Release type: Media Release


Innovative skills partnerships between local business and Aboriginal and Torres Strait Islander communities drive economic growth

Assistant Minister for Vocational Education and Skills Karen Andrews today attended the Banaam ‘Our Connections, Our Futures’ symposium on the Gold Coast, to discuss the economic benefits of skills and training partnerships between Aboriginal and Torres Strait Islander communities and local business and industry.

The symposium brought together community members from across the region with business and industry leaders, to showcase a best practice regional collaboration model where local communities find solutions that suit the needs of their own unique local economies.

The Minister said that Indigenous communities are providing valuable leadership on how to match the workforce needs of local business and industry with training and employment programs.

“I am very impressed with the range of innovative, grassroots, skills-based initiatives that are producing important results in regional areas, and Indigenous communities are leading the way.”

Minister Andrews also launched today a suite of new videos and Indigenous education and training resources at the symposium that showcase a national initiative to better prepare secondary school students for work.

“The Government is committed to restoring the VET sector so it can continue as a centre of educational excellence—training people in real skills for real careers.

“From Nhulunbuy High School in East Arnhem Land in the Northern Territory, to Port Lincoln High School in South Australia, these new videos showcase many wonderful examples of schools working with local employers and training providers to transform lives and provide local businesses with the skilled workforce they need to continue to prosper and grow,” she said.

“Indigenous students are learning skills for work—from manufacturing and trades to health work and teaching, agricultural skills and maritime and fisheries. Schools are making sure their students have a pathway to meaningful work, where they can leave school and contribute to the continued wellbeing and success of their own communities.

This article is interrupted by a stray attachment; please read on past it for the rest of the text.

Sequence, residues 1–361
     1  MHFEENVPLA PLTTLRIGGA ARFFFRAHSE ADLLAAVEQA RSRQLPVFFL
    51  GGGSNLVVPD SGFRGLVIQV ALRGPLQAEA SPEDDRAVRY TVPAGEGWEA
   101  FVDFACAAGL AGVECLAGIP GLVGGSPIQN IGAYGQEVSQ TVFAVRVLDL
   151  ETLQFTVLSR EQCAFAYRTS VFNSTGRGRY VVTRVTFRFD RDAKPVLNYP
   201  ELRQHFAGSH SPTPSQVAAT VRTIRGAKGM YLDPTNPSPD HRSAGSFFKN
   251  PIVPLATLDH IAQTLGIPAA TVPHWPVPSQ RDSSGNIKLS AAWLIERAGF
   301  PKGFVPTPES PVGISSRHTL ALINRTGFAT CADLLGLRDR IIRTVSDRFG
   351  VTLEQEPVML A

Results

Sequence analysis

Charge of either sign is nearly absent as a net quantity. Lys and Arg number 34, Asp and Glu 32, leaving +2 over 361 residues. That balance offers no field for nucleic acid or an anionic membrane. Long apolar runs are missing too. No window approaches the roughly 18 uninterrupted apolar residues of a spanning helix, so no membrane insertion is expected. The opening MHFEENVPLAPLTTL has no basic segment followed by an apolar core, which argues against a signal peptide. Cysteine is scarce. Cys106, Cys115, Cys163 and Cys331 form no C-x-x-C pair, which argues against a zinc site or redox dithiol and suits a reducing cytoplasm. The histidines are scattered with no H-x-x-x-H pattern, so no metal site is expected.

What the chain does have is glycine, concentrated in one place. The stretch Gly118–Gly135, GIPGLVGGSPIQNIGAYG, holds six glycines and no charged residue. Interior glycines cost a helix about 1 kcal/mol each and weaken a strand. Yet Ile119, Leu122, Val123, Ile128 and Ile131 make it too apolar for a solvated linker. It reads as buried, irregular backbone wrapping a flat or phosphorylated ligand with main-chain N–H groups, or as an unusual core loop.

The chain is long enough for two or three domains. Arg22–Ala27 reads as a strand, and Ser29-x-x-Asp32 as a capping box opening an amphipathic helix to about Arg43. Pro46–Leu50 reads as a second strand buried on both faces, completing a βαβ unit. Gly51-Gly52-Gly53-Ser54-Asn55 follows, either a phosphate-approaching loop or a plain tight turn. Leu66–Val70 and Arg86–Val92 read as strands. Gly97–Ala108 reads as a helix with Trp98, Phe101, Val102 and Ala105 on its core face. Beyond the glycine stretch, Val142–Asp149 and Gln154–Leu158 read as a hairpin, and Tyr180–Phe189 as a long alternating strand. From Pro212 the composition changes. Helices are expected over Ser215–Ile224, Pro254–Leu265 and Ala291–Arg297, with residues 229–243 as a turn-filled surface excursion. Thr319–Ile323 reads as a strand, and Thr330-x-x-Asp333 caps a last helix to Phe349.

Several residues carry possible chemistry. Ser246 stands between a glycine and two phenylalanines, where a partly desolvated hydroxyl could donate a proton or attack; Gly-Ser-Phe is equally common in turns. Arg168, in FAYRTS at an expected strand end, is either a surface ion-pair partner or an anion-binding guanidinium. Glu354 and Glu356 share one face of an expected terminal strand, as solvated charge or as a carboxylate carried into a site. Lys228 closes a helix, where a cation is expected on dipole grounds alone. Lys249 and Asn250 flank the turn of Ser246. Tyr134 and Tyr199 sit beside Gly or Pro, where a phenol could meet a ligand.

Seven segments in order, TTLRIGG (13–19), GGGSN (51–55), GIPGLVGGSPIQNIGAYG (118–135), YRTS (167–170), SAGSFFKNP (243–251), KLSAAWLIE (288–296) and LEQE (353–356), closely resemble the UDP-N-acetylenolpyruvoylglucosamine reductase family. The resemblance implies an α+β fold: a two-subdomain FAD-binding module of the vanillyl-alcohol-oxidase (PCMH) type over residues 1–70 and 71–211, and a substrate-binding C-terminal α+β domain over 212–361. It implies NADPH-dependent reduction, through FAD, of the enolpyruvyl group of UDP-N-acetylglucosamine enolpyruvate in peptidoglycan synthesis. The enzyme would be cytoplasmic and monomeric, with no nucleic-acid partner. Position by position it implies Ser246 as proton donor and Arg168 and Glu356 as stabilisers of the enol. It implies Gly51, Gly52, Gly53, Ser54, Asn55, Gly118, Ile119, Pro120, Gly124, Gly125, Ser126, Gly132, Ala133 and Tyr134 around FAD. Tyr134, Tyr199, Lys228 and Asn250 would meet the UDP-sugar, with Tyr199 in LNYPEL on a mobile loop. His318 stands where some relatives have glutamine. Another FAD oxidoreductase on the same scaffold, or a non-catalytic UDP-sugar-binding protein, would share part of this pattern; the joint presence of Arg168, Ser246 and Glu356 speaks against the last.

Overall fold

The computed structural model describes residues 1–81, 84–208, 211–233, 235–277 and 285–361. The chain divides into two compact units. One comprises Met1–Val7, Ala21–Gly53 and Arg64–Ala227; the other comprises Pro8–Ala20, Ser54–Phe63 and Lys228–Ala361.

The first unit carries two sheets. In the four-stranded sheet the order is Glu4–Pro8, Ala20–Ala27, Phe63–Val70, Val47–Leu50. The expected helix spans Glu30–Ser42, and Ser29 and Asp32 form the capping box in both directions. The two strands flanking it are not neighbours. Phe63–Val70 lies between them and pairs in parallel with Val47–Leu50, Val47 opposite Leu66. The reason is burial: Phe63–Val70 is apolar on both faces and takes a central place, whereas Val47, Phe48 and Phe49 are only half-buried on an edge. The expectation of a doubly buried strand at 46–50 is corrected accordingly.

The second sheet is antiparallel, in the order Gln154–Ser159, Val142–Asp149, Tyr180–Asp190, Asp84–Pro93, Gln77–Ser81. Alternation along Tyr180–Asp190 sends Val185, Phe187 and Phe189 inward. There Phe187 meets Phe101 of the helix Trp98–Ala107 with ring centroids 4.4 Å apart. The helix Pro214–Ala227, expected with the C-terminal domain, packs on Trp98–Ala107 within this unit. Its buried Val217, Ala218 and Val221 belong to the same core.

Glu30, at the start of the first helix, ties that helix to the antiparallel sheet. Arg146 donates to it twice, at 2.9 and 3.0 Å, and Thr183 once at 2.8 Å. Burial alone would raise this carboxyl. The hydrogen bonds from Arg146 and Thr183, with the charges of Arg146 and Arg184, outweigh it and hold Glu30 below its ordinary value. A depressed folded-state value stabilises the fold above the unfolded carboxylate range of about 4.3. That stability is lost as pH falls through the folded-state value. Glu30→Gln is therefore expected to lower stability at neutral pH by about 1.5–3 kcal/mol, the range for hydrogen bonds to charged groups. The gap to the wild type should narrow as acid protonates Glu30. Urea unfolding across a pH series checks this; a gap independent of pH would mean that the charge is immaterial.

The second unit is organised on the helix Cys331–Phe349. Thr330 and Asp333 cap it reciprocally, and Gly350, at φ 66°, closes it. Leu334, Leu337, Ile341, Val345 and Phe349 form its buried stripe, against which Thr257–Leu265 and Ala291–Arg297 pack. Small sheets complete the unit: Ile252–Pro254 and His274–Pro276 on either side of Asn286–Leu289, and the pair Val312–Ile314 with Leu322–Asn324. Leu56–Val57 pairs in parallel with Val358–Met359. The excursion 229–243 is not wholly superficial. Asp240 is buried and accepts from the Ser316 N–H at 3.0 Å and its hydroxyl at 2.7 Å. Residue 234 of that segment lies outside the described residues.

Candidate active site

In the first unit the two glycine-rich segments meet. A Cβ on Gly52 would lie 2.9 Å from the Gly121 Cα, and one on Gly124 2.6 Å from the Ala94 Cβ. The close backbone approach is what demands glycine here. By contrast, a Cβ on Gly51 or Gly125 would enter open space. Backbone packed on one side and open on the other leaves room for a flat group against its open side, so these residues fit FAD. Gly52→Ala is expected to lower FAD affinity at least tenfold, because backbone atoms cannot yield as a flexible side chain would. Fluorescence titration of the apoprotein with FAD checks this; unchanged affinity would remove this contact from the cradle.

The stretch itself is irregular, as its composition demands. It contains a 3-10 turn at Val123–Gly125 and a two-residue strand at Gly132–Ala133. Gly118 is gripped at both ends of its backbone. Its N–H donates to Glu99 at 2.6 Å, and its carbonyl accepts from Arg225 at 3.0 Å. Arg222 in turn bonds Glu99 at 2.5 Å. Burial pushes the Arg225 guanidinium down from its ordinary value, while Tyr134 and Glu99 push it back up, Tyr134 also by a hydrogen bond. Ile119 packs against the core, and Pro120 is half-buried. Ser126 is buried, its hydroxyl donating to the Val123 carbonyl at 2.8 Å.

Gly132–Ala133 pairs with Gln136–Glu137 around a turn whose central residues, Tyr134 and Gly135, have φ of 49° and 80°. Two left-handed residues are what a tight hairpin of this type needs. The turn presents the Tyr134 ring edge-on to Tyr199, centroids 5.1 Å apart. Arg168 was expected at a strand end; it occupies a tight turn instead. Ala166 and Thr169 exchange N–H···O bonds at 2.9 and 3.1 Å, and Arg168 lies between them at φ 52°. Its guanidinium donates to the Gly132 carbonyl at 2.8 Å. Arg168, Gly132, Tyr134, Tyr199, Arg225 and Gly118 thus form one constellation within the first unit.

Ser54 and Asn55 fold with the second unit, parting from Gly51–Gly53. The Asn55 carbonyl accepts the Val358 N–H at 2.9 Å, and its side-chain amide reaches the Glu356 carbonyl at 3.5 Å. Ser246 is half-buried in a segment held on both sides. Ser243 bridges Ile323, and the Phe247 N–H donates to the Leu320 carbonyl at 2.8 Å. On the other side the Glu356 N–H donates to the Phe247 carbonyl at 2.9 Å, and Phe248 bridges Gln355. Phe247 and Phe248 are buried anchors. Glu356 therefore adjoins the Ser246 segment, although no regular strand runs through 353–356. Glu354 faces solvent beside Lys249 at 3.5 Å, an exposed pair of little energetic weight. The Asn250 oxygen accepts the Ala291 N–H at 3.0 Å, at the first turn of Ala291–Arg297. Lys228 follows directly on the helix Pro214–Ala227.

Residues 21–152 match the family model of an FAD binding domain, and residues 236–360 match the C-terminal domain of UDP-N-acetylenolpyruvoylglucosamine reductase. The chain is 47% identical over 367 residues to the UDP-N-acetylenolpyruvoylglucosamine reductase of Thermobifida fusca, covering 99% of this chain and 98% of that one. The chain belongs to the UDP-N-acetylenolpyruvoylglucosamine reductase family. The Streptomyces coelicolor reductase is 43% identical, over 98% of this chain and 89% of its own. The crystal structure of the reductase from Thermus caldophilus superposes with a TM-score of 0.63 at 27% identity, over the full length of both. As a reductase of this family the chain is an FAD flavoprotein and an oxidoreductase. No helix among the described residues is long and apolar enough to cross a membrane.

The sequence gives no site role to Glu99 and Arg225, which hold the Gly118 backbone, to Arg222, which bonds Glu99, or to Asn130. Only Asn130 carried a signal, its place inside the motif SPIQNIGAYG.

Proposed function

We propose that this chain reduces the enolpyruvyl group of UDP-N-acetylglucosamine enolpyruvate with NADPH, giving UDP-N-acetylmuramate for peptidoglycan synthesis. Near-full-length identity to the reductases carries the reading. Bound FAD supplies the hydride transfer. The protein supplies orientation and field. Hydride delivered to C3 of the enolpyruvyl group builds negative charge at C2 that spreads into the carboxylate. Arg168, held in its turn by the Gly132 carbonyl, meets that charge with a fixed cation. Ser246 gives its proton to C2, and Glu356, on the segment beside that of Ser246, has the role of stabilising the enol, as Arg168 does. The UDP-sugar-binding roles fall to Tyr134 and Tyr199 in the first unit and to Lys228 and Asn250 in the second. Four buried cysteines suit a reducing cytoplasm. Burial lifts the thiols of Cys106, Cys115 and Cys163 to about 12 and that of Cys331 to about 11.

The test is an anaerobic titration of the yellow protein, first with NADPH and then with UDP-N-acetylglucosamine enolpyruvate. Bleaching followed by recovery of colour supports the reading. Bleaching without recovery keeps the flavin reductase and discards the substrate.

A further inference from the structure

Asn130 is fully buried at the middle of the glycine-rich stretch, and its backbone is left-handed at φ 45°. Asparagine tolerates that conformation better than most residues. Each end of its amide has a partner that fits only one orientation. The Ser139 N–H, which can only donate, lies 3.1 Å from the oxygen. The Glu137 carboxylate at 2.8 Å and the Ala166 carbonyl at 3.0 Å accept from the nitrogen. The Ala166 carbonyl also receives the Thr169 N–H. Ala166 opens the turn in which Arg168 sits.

“For Indigenous training programs, and school-to-work transition for Indigenous students to be successful, connection with country, community and culture is essential,” Minister Andrews said.

“The Government is committed to maintaining a strong VET sector that delivers the best outcomes for students and supports businesses with a properly skilled workforce,” said
Minister Andrews.

“We want to see VET restored to its former status as a preferred pathway to skills and work—a place of excellence and achievement that produces the skilled workers our economy needs to continue to grow.”

For more information about the schools and programs featured in the new video series, as well as access to other supporting resources, visit

Fast facts:

  • Government has allocated around $3 billion for VET in 2018–19.

  • Includes $1.8 billion in payments to states and territories through the Skilling Australians Fund.

  • Includes $1.2 billion for the Australian Government’s own programs, such as Australia Apprenticeship Incentives Program, and Skills Checkpoint for Older Workers